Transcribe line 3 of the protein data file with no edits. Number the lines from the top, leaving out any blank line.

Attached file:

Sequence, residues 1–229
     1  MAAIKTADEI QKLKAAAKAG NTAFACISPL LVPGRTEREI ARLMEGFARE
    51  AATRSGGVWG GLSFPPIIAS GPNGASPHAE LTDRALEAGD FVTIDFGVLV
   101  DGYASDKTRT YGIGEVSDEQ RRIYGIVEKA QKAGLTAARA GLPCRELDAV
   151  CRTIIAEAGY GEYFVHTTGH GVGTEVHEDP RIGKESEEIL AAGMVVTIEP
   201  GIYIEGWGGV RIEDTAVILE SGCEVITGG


    51  AATRSGGVWG GLSFPPIIAS GPNGASPHAE LTDRALEAGD FVTIDFGVLV